The Shady side of fame: Eminem's 'The Marshall Mathers LP' turns 20

Looking back at Eminem's second major label album on its 20th anniversary

Adam Graham
The Detroit News

Twenty years after its release, Eminem's "The Marshall Mathers LP" remains a high water mark for the Detroit rapper, an alternately caustic, shocking, angry, nauseating, thrilling statement from an artist backed into a corner and fighting his way out of it. 

"The Marshall Mathers LP" arrived on May 23, 2000. CD sales were at their height: A few months prior, *NSYNC sold a record-breaking 2.4 million copies of "No Strings Attached" in one week, and Britney Spears sold 1.3 million copies of her second album, "Oops!... I Did it Again" just one week earlier.

Eminem's "The Marshall Mathers LP" turns 20 on Saturday.

Neither of those artists were his peers, but they were all part of the same "TRL" melting pot that acted as the focal point of pop music at the time. And both *NSYNC and Britney are mentioned on the album, part of Em's frustration at being "pigeonholed in to some poppy sensation" a year earlier, after his major label debut album "The Slim Shady LP" made him a superstar. 

Released just 15 months after "Slim Shady," "The Marshall Mathers LP" is Em's reaction to his overnight fame and the way he was suddenly thrust into the spotlight. Much of the album finds him lashing out: at the media, at his critics and at his loss of privacy, which he would never regain.

But rather than retreating, he pushes the envelope even further, becoming the monster he was accused of being. It made him an even bigger villain, and an even bigger star.

"The Marshall Mathers LP" is the album that cemented Eminem's superstardom and his role as a cultural agitator, and listening to it today there are moments that still send shudders, both for better and for worse. 

The album's homophobic and misogynistic content was a focal point at the time and remains one today: "Hate f--s?" he raps on album closer "Criminal," using a derogatory term for homosexuals, "the answer's yes."

In the very next line, he attempts to both address the controversy he knew he was brewing — "homophobic? Nah, you're just heterophobic," he says — and let himself off the hook. He was stirring the pot. Today, as the shock of those moments has worn off, they simply sound dated and embarrassing, especially in the context of today's language.

Yet the album's controversial content also yielded rousing results.

"Kim" — a frantic, pitch-black fantasy about murdering his on-again, off-again wife and the mother of his children, Kim Mathers — remains the darkest track Eminem ever released, yet its distillation of rage and the dexterity of his wordplay make it one of the most effective tracks he's ever recorded.

He both raps as himself and responds as Kim, constructing a chilling house of mirrors, and in one breathtaking 20-second sequence he lyrically lays out a double homicide, suicide situation with the meticulousness of a "CSI" investigator. It's deeply troubling thematically but gripping from a technical and narrative standpoint, a horror movie set to music. 

The horror of fame is Em's prison throughout the album, and "The Way I Am" finds him sorting through the newfound responsibility that he didn't ask for, the constant needling of fans and the pressures of managing his career. "I'm not going to be able to top a 'My Name Is'," he raps, although he does so on the very next track, "The Real Slim Shady," which was even more successful.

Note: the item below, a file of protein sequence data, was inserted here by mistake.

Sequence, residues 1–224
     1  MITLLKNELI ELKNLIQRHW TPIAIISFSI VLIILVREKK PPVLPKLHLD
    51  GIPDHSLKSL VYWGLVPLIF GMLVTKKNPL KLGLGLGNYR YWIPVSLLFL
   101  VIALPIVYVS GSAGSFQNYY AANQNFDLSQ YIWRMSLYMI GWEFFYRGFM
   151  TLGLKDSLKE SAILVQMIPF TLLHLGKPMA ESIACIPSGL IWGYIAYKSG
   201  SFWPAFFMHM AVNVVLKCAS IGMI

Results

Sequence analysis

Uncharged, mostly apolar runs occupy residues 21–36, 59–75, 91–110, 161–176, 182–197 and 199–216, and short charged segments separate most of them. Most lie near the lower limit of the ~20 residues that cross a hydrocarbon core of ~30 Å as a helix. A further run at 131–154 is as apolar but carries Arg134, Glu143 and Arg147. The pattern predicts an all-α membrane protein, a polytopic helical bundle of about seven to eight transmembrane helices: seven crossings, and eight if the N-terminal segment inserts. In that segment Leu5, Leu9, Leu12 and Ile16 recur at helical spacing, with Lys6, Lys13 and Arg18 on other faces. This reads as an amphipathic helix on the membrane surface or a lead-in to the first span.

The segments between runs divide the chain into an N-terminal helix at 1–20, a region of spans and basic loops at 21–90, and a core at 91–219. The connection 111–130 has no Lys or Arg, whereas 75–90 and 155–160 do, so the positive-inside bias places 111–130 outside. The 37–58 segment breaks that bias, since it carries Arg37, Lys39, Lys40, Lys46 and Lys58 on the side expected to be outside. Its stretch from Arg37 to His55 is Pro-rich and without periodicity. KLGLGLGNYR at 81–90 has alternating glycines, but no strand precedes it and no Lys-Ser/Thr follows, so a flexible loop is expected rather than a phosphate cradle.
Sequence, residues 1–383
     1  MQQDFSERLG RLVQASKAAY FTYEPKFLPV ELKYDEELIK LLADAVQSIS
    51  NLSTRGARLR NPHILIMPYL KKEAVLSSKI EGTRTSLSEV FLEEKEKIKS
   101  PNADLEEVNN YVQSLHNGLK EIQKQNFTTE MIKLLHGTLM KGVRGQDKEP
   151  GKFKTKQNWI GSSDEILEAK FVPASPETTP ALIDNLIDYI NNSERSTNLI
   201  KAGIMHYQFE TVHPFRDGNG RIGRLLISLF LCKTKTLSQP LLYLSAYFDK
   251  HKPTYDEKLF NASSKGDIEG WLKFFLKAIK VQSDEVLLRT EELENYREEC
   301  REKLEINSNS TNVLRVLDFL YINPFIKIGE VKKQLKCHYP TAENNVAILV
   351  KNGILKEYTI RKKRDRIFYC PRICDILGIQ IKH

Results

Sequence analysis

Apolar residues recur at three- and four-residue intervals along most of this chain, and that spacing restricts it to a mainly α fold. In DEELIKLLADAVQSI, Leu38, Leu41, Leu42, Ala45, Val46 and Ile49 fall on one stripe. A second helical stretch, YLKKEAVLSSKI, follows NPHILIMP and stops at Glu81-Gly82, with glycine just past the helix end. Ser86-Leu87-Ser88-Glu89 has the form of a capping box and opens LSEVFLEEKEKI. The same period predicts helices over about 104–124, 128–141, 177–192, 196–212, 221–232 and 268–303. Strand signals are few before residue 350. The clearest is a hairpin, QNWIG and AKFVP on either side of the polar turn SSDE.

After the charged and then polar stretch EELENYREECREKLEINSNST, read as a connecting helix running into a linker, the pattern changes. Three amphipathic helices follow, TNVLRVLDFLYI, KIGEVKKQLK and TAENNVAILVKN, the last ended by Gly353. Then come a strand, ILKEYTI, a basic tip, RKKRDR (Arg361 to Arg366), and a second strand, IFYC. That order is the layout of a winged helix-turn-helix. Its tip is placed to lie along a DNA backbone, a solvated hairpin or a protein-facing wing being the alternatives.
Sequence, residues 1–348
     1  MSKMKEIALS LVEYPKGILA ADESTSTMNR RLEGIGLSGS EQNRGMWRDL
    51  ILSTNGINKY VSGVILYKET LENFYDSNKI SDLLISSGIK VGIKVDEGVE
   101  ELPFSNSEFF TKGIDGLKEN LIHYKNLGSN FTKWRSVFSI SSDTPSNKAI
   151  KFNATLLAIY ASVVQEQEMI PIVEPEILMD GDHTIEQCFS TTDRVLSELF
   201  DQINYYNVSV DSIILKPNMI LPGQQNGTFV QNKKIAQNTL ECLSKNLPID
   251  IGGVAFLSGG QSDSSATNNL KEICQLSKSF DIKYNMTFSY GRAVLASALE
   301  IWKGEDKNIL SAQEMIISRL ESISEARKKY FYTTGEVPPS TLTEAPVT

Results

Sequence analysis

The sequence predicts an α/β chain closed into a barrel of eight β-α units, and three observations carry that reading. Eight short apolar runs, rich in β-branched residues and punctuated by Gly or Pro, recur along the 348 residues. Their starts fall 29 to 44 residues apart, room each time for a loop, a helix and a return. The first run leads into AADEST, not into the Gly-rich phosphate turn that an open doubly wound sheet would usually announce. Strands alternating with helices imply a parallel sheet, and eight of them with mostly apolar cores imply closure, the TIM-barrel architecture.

Another high point is "Stan," a cautionary tale of obsessive fandom that highlights Em's exquisite skills as a storyteller. He spends three increasingly hostile verses rapping as a loner Eminem fan and switches to himself in the fourth verse, only to realize, in real time, the person he's responding to has committed a horrific crime in the name of his toxic allegiance to Em. It's a head-spinner (and makes haunting use of Dido's "Thank You"), and it ironically gave birth to rabid online fan culture which proudly "Stans" its favorite artists. Go figure.  

A handful of guests make appearances over the course of the 18-track, 72-minute album, but it's clearly the Eminem show, as his id and his demons, both personal and professional, take center stage. It's a vivid look inside the then-27-year-old's headspace and remains an intoxicating portrait of fame and its trappings. 

"The Marshall Mathers LP" debuted huge, selling 1.76 million copies its first week in stores. But the push-pull of his private life and public persona was far from over, and Em was arrested outside a Warren bar just two weeks after the album's release in connection with a dispute involving Kim and an unloaded gun. 

The album remained a lightning rod throughout a tumultuous year, right up until Grammy night, when Eminem performed a duet with Elton John as a way to address his accusations of homophobia. 

The album was nominated for Album of the Year but lost to Steely Dan's "Two Against Nature," which wasn't the first or the last time the Grammys have gotten things wrong. (Also nominated that year: Radiohead's "Kid A," Beck's "Midnite Vultures" and Paul Simon's "You're the One.") 

"The Eminem Show" followed two years later, and though sonically it sounded bigger, it lacked the urgency that makes "The Marshall Mathers LP" so personal. 

And it's that personal narrative that makes it so compelling. "The Marshall Mathers LP" is a snapshot of an artist becoming one of the world's biggest stars while kicking and screaming the entire time. Prankster, villain, anti-hero, the new Elvis: "I am whatever you say I am," Em raps. "The Marshall Mathers LP" is the sound of that struggle, and that acceptance.